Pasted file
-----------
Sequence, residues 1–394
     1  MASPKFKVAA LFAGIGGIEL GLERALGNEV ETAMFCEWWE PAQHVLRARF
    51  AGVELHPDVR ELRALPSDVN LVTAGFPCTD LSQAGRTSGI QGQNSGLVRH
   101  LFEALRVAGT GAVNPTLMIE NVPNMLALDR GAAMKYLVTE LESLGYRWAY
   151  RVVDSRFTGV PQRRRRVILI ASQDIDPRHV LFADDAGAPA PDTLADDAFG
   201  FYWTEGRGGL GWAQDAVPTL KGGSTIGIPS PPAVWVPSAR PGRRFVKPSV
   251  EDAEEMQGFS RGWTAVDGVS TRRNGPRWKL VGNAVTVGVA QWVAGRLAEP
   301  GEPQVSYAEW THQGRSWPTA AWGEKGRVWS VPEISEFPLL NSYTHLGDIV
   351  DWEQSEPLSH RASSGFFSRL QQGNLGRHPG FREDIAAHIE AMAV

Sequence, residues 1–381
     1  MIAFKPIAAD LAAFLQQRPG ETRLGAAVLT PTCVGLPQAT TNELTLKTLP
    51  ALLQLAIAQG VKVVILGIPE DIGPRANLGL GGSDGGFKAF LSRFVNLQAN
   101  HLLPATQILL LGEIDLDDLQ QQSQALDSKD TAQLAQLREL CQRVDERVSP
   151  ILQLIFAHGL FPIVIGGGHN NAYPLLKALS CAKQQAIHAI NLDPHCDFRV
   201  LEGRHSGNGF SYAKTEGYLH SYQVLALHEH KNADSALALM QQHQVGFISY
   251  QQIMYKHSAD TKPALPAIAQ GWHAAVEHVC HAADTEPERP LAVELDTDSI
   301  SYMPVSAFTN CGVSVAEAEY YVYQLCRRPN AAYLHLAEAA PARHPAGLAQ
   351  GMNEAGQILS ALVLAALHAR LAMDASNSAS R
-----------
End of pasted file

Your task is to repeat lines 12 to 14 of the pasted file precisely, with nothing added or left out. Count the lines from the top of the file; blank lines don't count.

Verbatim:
    51  ALLQLAIAQG VKVVILGIPE DIGPRANLGL GGSDGGFKAF LSRFVNLQAN
   101  HLLPATQILL LGEIDLDDLQ QQSQALDSKD TAQLAQLREL CQRVDERVSP
   151  ILQLIFAHGL FPIVIGGGHN NAYPLLKALS CAKQQAIHAI NLDPHCDFRV